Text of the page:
34. A controlled release pharmaceutical tablet as defined in claim 15 wherein the flux enhancer is sodium chloride, potassium chloride, sugar, sucrose, sorbitol, mannitol, polyethylene glycol, propylene glycol, hydroxypropyl cellulose and mixtures thereof.
35. A controlled release pharmaceutical tablet as defined in claim 33 wherein the flux enhancer is polyethylene glycol with an average molecular weight between 380 and 420.
36. A controlled release pharmaceutical tablet as defined in claim 15 wherein the semipermeable membrane comprises a plasticizer.
37. A controlled release pharmaceutical tablet as defined in claim 15 wherein at least two passageways are formed in the semipermeable membrane.
38. A controlled release pharmaceutical tablet as defined in claim 15 that exhibits the following dissolution profile when tested in a USP type 2 paddle apparatus at 75 rpm in 900 ml of simulated intestinal fluid, pH 7.5 phosphate buffer, at 37° C.:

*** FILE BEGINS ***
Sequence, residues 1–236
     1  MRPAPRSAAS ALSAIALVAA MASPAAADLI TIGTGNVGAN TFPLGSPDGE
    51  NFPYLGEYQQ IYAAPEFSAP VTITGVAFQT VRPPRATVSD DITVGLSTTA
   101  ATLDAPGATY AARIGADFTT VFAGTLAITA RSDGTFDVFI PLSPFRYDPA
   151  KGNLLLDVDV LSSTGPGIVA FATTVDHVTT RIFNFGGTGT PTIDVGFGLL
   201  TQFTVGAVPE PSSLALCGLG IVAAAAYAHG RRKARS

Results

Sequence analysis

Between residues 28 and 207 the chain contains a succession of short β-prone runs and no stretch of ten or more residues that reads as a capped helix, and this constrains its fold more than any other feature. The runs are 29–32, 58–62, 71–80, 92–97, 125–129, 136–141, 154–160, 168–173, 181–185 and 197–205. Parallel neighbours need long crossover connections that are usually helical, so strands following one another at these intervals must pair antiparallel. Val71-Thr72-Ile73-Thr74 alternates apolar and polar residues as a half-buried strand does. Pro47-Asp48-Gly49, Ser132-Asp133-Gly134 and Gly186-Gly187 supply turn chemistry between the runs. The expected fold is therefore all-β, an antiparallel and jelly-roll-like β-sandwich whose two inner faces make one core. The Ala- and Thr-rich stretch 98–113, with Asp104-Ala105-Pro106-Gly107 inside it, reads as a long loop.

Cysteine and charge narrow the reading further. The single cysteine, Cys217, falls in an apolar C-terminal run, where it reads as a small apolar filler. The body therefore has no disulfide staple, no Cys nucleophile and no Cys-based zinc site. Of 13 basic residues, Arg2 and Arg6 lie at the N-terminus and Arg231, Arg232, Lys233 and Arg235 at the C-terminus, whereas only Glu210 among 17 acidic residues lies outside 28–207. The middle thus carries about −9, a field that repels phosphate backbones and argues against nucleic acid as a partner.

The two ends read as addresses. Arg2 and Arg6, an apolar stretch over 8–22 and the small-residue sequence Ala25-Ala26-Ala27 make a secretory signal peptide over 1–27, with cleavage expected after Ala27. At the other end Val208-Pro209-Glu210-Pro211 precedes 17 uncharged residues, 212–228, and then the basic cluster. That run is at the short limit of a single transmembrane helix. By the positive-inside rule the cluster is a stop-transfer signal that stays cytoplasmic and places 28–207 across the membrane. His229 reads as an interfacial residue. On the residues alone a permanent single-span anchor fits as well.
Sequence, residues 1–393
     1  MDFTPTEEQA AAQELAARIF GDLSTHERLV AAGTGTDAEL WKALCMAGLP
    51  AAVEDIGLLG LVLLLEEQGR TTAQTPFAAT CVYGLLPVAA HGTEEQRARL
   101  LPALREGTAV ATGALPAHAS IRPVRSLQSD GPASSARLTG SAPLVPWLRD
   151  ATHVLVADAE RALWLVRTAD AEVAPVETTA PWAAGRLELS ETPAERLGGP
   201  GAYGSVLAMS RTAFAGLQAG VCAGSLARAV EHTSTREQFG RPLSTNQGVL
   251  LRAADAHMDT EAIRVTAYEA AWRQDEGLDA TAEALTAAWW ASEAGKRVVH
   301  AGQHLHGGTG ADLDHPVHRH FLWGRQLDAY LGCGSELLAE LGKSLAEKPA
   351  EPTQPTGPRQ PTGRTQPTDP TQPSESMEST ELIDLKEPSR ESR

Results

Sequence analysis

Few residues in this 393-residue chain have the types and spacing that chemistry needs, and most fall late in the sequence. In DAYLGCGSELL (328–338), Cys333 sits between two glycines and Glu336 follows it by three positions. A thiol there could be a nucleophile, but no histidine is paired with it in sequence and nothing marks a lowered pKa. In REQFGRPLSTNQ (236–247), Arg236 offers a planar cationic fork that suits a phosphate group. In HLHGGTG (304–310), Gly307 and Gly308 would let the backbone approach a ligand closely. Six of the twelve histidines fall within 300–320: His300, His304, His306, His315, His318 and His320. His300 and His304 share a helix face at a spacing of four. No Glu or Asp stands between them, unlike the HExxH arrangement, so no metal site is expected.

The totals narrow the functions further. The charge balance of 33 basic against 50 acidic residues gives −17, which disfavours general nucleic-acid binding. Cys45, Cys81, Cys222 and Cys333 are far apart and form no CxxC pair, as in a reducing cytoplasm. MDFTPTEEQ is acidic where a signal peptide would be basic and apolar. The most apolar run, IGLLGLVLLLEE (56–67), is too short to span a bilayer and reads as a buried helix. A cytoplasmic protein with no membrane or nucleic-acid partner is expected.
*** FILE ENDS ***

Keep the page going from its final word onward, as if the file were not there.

after 2 hours 0-30% of the buformin is released;
after 4 hours 10-50% of the buformin is released;
after 8 hours 30-90% of the buformin is released;
after 12 hours not less than 50% of the buformin is released;
after 16 hours not less than 60% of the buformin is released and
after 2 hours 0-30% of the urea glyburide is released;
after 4 hours 10-50% of the glyburide is released;
after 8 hours 30-90% of the glyburide is released;
after 12 hours not less than 50% of the glyburide is released;
after 16 hours not less than 60% of the glyburide is released.
39. A controlled release pharmaceutical tablet as defined in claim 15 that exhibits the following dissolution profile when tested in a USP type 2 paddle apparatus at 75 rpms in 900 of simulated intestinal fluid, pH 7.5 phosphate buffer, at 37° C.:
after 2 hours 0-25% of the buformin is released;
after 4 hours 20-45% of the buformin is released;